"* * * To provide for an encourage compact centers for retail sales and services by grouping businesses in patterns of workable relationships; to minimize the blighting influence on surrounding residential neighborhoods by limitation and control of uses permitted; to exclude highway-oriented and other businesses that would tend to disrupt the shopping center or its circulation patterns, or tend to disturb neighborhood stability."

*561 Section 7.07 A. 1, sets forth the permitted uses as follows:

"Retail shopping usesstores and shops selling household goods over a counter or selling personal services. Included are stores selling antiques, art and school supplies, auto accessories, bakery goods, bicycles, building materials that are within completely enclosed buildings, candy, camera and photographic supplies, carpets and rugs, china and glassware, clothing and costumes, dry goods, foods, electric and household appliances, furniture, fur goods, garden supplies (year-around operation only), hardware, hobby supplies, jewelry, leather goods and luggage, motor vehicle and boat sales that are within a completely enclosed building, musical instruments, office supplies, paint and wallpaper, phonograph records, shoes, sporting goods, tobacco goods, and toys. "Included are the following personal services: Barber shops, beauty shops, laundries and dry cleaning, photography studios, picture framing, eating and catering establishments, locksmith shops and repair incidental to sale of goods listed above."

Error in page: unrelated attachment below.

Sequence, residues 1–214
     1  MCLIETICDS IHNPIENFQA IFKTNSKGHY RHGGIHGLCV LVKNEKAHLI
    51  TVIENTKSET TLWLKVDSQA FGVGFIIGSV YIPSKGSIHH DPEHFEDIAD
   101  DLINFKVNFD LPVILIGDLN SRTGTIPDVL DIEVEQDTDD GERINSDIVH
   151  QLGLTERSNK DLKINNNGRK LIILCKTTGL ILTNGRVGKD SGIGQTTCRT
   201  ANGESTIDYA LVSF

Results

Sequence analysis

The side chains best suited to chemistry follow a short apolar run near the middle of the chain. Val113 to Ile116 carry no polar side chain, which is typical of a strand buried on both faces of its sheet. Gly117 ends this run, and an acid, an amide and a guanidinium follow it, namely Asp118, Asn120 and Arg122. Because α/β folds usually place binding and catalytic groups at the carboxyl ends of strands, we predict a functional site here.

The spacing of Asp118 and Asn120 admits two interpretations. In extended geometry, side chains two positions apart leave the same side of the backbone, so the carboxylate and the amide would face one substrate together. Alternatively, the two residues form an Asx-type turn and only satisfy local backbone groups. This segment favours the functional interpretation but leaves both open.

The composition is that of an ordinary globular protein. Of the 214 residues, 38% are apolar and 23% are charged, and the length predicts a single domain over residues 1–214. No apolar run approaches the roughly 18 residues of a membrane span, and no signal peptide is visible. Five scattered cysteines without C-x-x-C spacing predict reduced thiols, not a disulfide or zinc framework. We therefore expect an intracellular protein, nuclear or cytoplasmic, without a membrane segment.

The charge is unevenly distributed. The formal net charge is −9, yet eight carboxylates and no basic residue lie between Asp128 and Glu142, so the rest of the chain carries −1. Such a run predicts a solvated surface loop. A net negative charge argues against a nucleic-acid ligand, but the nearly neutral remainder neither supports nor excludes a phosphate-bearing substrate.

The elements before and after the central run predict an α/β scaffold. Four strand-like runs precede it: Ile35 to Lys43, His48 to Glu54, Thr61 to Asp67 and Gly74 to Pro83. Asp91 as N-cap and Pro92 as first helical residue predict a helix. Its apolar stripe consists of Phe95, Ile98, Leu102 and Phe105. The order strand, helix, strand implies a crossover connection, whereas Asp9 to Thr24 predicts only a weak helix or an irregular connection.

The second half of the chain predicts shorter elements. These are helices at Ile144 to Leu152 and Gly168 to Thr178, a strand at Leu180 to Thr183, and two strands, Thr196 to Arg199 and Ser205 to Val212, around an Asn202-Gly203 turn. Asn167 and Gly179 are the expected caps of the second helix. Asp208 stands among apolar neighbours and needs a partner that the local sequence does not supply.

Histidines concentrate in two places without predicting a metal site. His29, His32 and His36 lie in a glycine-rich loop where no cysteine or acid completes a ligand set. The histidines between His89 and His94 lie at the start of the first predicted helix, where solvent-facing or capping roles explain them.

Under B-2 zoning, certain uses are allowed if the owner acquires a "conditional use permit." The Zoning Ordinance, § 11.01 B, defines "conditional use" as follows: